WASHINGTON—The U.S. economy has bounced back strongly from the pandemic-induced plunge, supported by unprecedented monetary and fiscal responses. The faster-than-expected rebound has helped markets recover in a remarkably short period of time.
U.S. indices posted their best August performance in decades. Investors, however, have turned nervous this month, with Europe starting to see a sharp increase in CCP virus cases. Uncertainty surrounding the next stimulus package and the political battle to replace the late Supreme Court Justice Ruth Bader Ginsburg have also brought additional worries.
COVID-19 cases and possible shutdowns pose the biggest risk to markets, according to Sameer Samana, a senior global market strategist at Wells Fargo Investment Institute.
“But it seems like the threshold for broad shutdowns like last spring remains fairly low,” he told The Epoch Times in an email.
In Europe, the number of new cases has started to rise again, especially in the UK, France, and Spain. The UK government has started to impose new restrictions, such as forcing pubs, bars, and restaurants to close at 10 p.m. Germany’s top virologist last week warned that the country could also implement restrictions.
Analysts are confident that the virus is growing less deadly, in part due to advances in COVID-19 treatments that reduce its severity. They, therefore, believe that another round of broad shutdowns in the United States remains unlikely.
“The recent sell-off was largely sentiment-driven, and the reversing of the exuberance we saw in late August,” Samana said. “The fundamentals—economic growth, earnings, etc.—remain solid, and we see additional gains for equities through next year.”
Stimulus checks and enhanced unemployment benefits that lifted household incomes were instrumental to the sharp recovery in economic activity.
Consumer spending, which accounts for more than two-thirds of the U.S. economy, recouped nearly 75 percent of its peak-to-trough decline as of July. Durable goods orders and housing activity are almost back at their pre-pandemic levels.
“We cannot understate the impressive initial V in U.S. economic activity,” Peter Hooper, chief economist at Deutsche Bank said in a report, referring to the sharp economic rebound.
To reflect the faster-than-expected recovery, the bank raised its third-quarter gross domestic product (GDP) growth projection by roughly 12 percentage points to 31.8 percent annualized.
Economists also observe faster improvement in the labor market after the U.S. economy added 1.37 million jobs in August. The unemployment rate fell to 8.4 percent in the August report, exceeding earlier projections. Many had predicted the jobless rate to remain above 10 percent at the end of 2020.
According to the new projections released last week, the Federal Reserve now predicts unemployment to hit 7.6 percent by the end of the year and 5.5 percent by the end of next year. The central bank also forecasts the change in GDP at the end of 2020 to be 2.8 percentage points higher than in its June report.
While the economic recovery has gotten off to an “impressive start,” fiscal uncertainty remains a major issue in the United States, according to Deutsche Bank economists.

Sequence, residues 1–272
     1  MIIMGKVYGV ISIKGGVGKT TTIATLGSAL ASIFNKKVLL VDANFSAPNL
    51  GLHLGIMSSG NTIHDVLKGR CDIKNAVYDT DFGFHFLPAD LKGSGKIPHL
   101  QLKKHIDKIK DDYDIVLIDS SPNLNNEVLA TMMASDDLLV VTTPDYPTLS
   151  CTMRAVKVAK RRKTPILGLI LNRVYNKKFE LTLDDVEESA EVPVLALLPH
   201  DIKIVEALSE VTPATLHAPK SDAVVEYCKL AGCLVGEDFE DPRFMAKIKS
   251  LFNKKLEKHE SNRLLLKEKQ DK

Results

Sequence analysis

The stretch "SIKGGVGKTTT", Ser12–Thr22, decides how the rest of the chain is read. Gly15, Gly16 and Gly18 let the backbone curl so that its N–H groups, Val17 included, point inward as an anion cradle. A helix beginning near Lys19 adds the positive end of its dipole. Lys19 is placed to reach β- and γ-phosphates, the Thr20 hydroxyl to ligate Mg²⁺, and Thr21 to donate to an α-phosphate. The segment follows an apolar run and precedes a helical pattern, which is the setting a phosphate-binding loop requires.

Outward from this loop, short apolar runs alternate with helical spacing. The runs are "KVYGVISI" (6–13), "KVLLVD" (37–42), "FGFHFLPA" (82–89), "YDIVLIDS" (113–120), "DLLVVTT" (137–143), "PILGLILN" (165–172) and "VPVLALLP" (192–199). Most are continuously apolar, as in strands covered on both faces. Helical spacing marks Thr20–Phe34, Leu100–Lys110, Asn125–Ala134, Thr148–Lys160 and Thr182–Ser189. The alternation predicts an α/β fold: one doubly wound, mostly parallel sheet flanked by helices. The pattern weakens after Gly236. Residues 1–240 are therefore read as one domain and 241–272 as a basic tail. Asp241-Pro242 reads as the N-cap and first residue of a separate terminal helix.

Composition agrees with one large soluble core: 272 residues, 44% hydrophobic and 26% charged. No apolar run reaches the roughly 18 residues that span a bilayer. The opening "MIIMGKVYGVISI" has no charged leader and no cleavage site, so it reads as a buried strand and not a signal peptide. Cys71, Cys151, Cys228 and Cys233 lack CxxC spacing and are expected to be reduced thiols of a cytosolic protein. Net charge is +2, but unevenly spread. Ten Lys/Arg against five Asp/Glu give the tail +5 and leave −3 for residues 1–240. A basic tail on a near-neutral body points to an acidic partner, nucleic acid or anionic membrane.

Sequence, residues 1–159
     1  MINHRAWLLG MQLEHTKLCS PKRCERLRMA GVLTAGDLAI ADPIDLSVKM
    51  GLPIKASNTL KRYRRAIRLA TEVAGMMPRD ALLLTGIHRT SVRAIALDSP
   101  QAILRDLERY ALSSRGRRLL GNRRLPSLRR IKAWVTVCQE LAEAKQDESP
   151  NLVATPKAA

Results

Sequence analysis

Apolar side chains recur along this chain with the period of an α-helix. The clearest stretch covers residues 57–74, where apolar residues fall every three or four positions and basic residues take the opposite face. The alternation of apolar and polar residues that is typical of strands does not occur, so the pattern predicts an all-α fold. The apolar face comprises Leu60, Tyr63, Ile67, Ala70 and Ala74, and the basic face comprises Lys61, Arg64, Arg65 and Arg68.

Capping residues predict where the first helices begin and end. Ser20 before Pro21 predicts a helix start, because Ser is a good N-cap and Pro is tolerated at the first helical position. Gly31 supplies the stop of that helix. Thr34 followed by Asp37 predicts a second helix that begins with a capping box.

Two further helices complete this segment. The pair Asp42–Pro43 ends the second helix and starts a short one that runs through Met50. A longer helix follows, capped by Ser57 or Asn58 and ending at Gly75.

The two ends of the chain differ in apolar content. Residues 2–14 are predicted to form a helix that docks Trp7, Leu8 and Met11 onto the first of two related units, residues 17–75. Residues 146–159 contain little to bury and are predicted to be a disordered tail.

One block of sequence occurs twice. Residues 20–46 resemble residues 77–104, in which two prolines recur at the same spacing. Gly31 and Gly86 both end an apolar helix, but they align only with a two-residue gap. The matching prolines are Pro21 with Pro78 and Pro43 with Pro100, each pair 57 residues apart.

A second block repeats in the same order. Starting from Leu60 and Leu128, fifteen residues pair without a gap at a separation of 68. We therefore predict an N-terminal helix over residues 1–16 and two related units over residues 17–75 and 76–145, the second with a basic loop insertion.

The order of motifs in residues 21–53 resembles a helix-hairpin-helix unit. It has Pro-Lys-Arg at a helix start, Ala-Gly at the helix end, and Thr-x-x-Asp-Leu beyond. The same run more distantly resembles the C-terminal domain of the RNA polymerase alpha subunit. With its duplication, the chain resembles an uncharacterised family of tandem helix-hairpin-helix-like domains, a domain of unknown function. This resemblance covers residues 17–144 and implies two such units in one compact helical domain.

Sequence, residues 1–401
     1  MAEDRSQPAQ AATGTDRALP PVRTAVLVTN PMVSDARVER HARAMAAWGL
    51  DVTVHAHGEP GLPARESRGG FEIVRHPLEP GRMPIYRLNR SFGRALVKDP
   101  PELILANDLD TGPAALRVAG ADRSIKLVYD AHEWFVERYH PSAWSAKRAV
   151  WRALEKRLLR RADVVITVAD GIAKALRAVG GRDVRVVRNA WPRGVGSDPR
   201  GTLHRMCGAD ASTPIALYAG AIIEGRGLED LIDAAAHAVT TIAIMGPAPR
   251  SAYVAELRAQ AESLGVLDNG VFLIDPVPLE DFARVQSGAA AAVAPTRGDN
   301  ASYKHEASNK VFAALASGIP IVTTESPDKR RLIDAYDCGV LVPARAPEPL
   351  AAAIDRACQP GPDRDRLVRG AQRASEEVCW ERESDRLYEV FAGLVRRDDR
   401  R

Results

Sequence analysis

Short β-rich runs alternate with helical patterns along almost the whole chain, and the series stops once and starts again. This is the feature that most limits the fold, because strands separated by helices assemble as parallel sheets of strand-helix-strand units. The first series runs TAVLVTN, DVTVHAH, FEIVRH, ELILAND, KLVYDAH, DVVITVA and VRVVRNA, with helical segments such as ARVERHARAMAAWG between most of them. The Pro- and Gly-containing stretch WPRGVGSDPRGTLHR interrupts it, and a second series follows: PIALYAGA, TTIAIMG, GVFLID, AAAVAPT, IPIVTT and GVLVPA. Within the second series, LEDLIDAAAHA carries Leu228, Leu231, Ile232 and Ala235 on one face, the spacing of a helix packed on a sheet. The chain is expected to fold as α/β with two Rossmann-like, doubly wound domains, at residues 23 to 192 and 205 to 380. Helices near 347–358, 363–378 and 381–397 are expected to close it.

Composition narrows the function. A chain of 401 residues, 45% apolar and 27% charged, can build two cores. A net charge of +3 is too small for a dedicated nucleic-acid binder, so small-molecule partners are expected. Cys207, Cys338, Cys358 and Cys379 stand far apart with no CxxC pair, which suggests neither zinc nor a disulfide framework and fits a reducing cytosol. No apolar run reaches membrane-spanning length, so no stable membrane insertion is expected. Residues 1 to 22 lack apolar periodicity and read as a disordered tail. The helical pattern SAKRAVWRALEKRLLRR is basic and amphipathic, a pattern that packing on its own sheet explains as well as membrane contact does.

“We now assume that significant further support will not be forthcoming until after the election,” Hooper said.
Following months of talks, policymakers have failed to reach a deal on the next stimulus package. And the battle to fill Ginsburg’s Supreme Court seat may complicate the deal further as Democrats push for a delay until after inauguration in January next year.
Economists worry that the initial strong consumer activity may begin to fade in the fourth quarter with a lack of further fiscal action.
“The resulting drop in income support for households is already beginning to depress activity,” Hooper said, adding that the economic growth could slow to near zero in the fourth quarter if consumer spending slides.
He said the growth could pick up again in the first quarter next year with some post-election fiscal support.
Following the central bank’s policy meeting last week, Fed Chairman Jerome Powell also reiterated the need for further fiscal stimulus to support the recovery and avert potential downside risks from withdrawing the aid.
“I don’t think the V-shaped recovery depends on the package, but I do think a targeted package could be a great help,” White House economic adviser Larry Kudlow told CNBC on Sept. 22.
He said the administration is looking to get additional funds for schools, for example, to help them open safely. The White House also wants to extend the Paycheck Protection Program (PPP) to support small businesses.
Lance Roberts, chief investment strategist at RIA Advisors, believes that fiscal stimulus will help the economy in the short term, as nearly 30 million Americans who are unemployed still depend on government support. He notes, however, that the stimulus won’t make economic growth better in the long run.
“We’ve been bailing out companies, households, and governments ever since 2008, and it hasn’t made economic growth better. It’s made the wealth gap even wider,” he told NTD Business.
He said that while the government is trying to ease the effects of the crisis, “all we’re doing is making the economic inequality that much worse.”